Born out of the idealism and turbulence of the 1960s, Metropolitan College of New York (MCNY) was founded by Audrey Cohen, an innovative educator who believed the key to a truly effective education lay in uniting the classroom with the professional world.
Audrey Cohen launched the Women’s Talent Corps in 1964, addressing a need for both jobs and training. The program prepared motivated women, with experience in their low-income neighborhoods, for jobs to assist their communities. Simultaneously, the Women’s Talent Corps worked to create a new level of “paraprofessional” positions in organizations and agencies: teacher’s assistant, guidance counselor assistant, paralegal. The 30-week training program included an eight-week classroom orientation, 10 weeks on-the-job training in a school or community agency, and 12 weeks of intensive work at the same organization. Students were then hired by those agencies. The one-year training program paid students $2 per hour to participate.
By 1969, the Women’s Talent Corps began admitting men and added a second year of programming. It continued to expand in scope, and was renamed the College for Human Services in 1970, when it was granted a Charter by the New York State Board of Regents to award associate degrees, soon after it was accredited by the Middle States Commission on Higher Education.
In 1972, the College revamped its curriculum to develop what it now calls Purpose-Centered Education. Interviewing a spectrum of the best professionals, they identified key characteristics that all shared no matter what their field or position. Among them were the ability to understand themselves and others, work effectively in groups, gather and communicate information, and manage change. Developing these skills became the foundation of Purpose-Centered Education, still the hallmark of MCNY and one of the differentiating factors of the college. This unique, holistic approach has proven to be particularly meaningful for nontraditional students pursuing degrees while working and raising families, as they can experience the relevance of their studies to their daily lives from the moment they enter the College.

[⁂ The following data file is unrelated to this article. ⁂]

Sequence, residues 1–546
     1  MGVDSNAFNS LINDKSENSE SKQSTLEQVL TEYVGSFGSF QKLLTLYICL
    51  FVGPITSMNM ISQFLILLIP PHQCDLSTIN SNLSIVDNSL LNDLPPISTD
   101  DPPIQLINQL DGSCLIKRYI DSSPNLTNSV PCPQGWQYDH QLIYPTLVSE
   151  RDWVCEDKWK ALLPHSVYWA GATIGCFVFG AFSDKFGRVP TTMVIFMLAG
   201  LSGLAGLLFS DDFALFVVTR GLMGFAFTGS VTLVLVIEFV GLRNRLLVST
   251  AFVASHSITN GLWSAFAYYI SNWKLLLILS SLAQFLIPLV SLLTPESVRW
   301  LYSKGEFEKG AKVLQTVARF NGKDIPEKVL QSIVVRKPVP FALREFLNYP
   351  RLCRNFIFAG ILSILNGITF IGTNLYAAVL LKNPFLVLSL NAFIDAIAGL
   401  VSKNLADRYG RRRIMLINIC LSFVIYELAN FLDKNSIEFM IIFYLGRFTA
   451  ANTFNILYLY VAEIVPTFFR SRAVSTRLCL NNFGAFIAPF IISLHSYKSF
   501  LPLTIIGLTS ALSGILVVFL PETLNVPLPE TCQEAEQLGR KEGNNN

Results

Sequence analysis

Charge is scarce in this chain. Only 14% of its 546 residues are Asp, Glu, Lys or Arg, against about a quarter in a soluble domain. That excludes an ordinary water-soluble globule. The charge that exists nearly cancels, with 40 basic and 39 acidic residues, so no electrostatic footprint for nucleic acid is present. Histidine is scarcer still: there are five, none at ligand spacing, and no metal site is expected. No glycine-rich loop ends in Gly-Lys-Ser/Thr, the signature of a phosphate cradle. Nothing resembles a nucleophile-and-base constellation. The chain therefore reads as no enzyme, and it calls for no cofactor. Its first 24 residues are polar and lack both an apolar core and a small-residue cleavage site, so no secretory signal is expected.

Focused on human services professions in its early years, the College added business programs in 1983. Soon after, in 1988, the College added its first graduate program: a Master of Administration (today a Master of Public Administration).
Renamed Audrey Cohen College in 1992 in honor of its founder and president, the school became Metropolitan College of New York a decade later, reflecting the growth, vitality and diversity that this dynamic institution shares with the city in which it is located. Students now come from all over the U.S. and the world, drawn to MCNY by its unique experiential focus, hands-on faculty, and opportunities for intense, accelerated study.
Today, the college has graduate and undergraduate programs across three schools: the Audrey Cohen School for Human Services and Education, the School for Business and the School for Public Affairs and Administration.